3. There was testimony that at the time of the arrest, defendant Black was found with the plastic bags of marijuana on her person, was moving around considerably in the front seat, and had plastic material around her waist. Defendant Pritchett had a small pair of scissors in his hand, and confessed to a police officer the next day that the marijuana belonged to him. Despite defendant Black's testimony that defendant Pritchett had no knowledge that she possessed the marijuana, the above evidence authorized a charge on conspiracy, because the jury could have concluded that both parties possessed the marijuana in violation of the statute. See in this connection Walden v. State, 121 Ga. App. 142
, 143-145 (1) (173 SE2d 110
), a discussion of what evidence is sufficient to authorize a charge on conspiracy. This enumeration of error is without merit.
4. The court charged that the state must prove that the defendants did knowingly control and possess marijuana. This was a sufficient charge on the law of possession, absent a written request for any specific charge as to possession. Defendant cites Lee v. State, 126 Ga. App. 38 (2) (189 SE2d 872)
, and contends such a charge should have been given in this case. But if he desired that specific language charged he should have filed a written request with the court.
5. The court was not required to charge that a confession of guilt alone, uncorroborated by any other evidence, shall not justify conviction, because in this case there was both direct and circumstantial evidence connecting the defendant Pritchett with the possession of the marijuana by defendant Black.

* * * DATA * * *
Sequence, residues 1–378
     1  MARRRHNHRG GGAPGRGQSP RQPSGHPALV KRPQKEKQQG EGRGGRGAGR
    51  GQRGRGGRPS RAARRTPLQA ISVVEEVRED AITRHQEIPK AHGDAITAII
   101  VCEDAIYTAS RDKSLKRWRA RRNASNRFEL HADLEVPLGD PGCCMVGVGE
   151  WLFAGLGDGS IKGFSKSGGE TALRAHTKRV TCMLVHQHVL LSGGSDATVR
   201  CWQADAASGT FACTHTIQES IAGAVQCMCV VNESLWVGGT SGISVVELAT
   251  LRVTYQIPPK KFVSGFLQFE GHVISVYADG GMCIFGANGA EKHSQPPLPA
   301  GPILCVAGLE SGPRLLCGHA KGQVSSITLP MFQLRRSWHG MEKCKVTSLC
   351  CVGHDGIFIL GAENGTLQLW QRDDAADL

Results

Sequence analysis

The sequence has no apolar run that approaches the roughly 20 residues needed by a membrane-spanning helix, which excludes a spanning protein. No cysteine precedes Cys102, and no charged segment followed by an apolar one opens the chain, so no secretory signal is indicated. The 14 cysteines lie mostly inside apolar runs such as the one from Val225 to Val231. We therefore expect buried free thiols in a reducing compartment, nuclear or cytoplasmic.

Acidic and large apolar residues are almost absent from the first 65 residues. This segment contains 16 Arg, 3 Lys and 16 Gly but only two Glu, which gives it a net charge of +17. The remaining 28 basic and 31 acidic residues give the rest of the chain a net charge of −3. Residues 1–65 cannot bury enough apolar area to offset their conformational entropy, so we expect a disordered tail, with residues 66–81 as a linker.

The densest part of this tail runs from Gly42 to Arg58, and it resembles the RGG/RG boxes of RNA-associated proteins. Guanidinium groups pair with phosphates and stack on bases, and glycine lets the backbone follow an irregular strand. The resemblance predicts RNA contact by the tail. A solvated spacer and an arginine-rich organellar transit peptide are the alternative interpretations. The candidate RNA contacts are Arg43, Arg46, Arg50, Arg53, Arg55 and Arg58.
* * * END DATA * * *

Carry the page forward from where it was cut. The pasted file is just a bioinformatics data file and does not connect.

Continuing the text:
6. The evidence was sufficient to convict the defendant Pritchett, who confessed that the marijuana was his, and who was holding scissors in his hands when arrested. The evidence was also sufficient to convict defendant Black, as there were bits of plastic material found around her waist, and the marijuana was found in her immediate possession. Both were riding in the same car and both were in the front seat. The court did not err in refusing to direct a verdict in favor of defendant Pritchett as the evidence authorized a conviction of both defendants.
7. The prosecution, during the trial, introduced testimony as to its investigation and plans to obtain a search warrant. Counsel for defendant objected to the allowance of this evidence because it was irrelevant and immaterial and would tend to show prejudice and bias, and would not explain the conduct of the witness, and should be stricken. No reason was shown why the state was offering this testimony, but in all events, the objection was too general in failing to show why this testimony was irrelevant, immaterial, or showed bias and was prejudicial. No proper objection was made, and this enumeration is not meritorious. Hayes v. State, 36 Ga. App. 668, 669 (e) (137 SE 860); Wilson v. McConnell, 36 Ga. App. 767 (1) (138 SE 244); Holland v. Ryals, 41 Ga. App. 280 (2) (152 SE 852).
Ben J. Miller, District Attorney, for appellee.